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Photoshop CS3 for Photographers covers all the essential techniques a digital photographer needs to master in order to take advantage of Photoshop's possibilities. Instructor Chris Orwig teaches everything from the key elements to the advanced tools of the application, demonstrating how to apply them for the best photographic results in print or online. He also gets into the nitty-gritty of using Photoshop, from working with Camera Raw to finessing a retouch. Exercise files accompany this training.
One of the things I want to show here is a pretty cool feature, and it has to do with the Crop tool. Go ahead and select your Crop tool, and then select a color from your Background color picker. Now, you can do that in your toolbox. If you hover over these two colors, you'll see the front one is foreground, the one in the back is background, and I'm going to select, let's say a real dark deep gray there. Click OK. Now that, that is my background color, I'm going to select my Crop tool, then in the Options bar up top, I'm going to press the Clear button, so I have no width or height or resolution dimensions.
Then click and drag to expand the Crop tool and then I'm going to expand it past my image. And what I'm looking to do here is to increase my document size. Because let's say I want to create a print where I have an image, and then possibly something else over here, some copy. Now, I've created a crop that's larger than the image. I'm going to apply that, voila. I have now expanded my document size and that is pretty cool, because I didn't even have to do that by going to my Canvas Size dialog window. I could do it in a real visual way.
Let's undo that, Cmd + Z, and let's say we need to get something a little bit more specific. What I want to do is print this image on an 8 x 10 piece of paper so, I'm going to go 10 x 8, and I'm going to go 240 pixels per inch. Now, here's my Crop tool. Now, this is going to give me the proportions, so that I can print this at 8 x 10 and I double-click the Crop tool. And now we can see that this image, if we open up our Image Size dialog window, is sitting inside of an 8 x 10 document, and that's pretty cool.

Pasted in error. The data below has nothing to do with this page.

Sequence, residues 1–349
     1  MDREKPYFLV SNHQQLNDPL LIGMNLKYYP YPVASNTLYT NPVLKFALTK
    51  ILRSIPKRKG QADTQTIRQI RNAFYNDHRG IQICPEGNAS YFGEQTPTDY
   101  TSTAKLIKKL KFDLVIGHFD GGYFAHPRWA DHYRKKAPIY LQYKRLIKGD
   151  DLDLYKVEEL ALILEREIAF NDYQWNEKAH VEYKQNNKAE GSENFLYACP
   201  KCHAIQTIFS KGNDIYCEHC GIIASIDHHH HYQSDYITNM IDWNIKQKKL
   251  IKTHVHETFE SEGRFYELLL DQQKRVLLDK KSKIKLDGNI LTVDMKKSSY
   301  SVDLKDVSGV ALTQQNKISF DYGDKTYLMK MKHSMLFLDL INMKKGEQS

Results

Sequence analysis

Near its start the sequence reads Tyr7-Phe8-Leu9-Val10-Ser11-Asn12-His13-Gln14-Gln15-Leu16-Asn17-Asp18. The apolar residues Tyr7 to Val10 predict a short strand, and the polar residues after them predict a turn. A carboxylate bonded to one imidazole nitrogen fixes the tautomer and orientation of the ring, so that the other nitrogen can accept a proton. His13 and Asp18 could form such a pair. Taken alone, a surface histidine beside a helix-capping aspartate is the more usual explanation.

It's a nice way to resize our document. Whatever color you choose as your background color, will be the color by default that you see there when you expand your crop. Okay, let's undo that one, Cmd + Z. Let's look at another technique for cropping our images. Of course, we can use the Crop tool. We can also use our Marquee Selection tool. Shortcut, M, or it's the second in the toolbox there. Go ahead and select it, and what I want to do is I just want to get a little bit of a tighter crop on this. I want just the lamppost, and sign down here. So I'm clicking and dragging to create a selection. I can then move that selection around, either with my arrow keys or by picking up with my cursor and moving it around. Now, once I have a really good selection-- I'm going to double-click the Hand tool so I can actually see this. So, yeah, you know that's a pretty good selection for what I want to do. I can then go to Image > Crop and it's going to crop this image based on the selection I made with my Marquee Tool. Go ahead and select Crop. Then I want to deselect by going to Select > Deselect, or the shortcut Cmd/Ctrl + D. Double-click the hand tool, so it fits it in view, and that is pretty cool.
And yet, another way to crop our image, and now it has become something that's completely different. One of the things that I like to do when I have taken an image to this point is I like to press Tab to get rid of my toolbox and palettes, and then press F. Go to that full-screen view mode, and just take a look at the image itself without all the clutter of everything else, and it will help you determine if you're going in a good direction. Alright, well, that wraps up this one. I look forward to seeing you in the next one.
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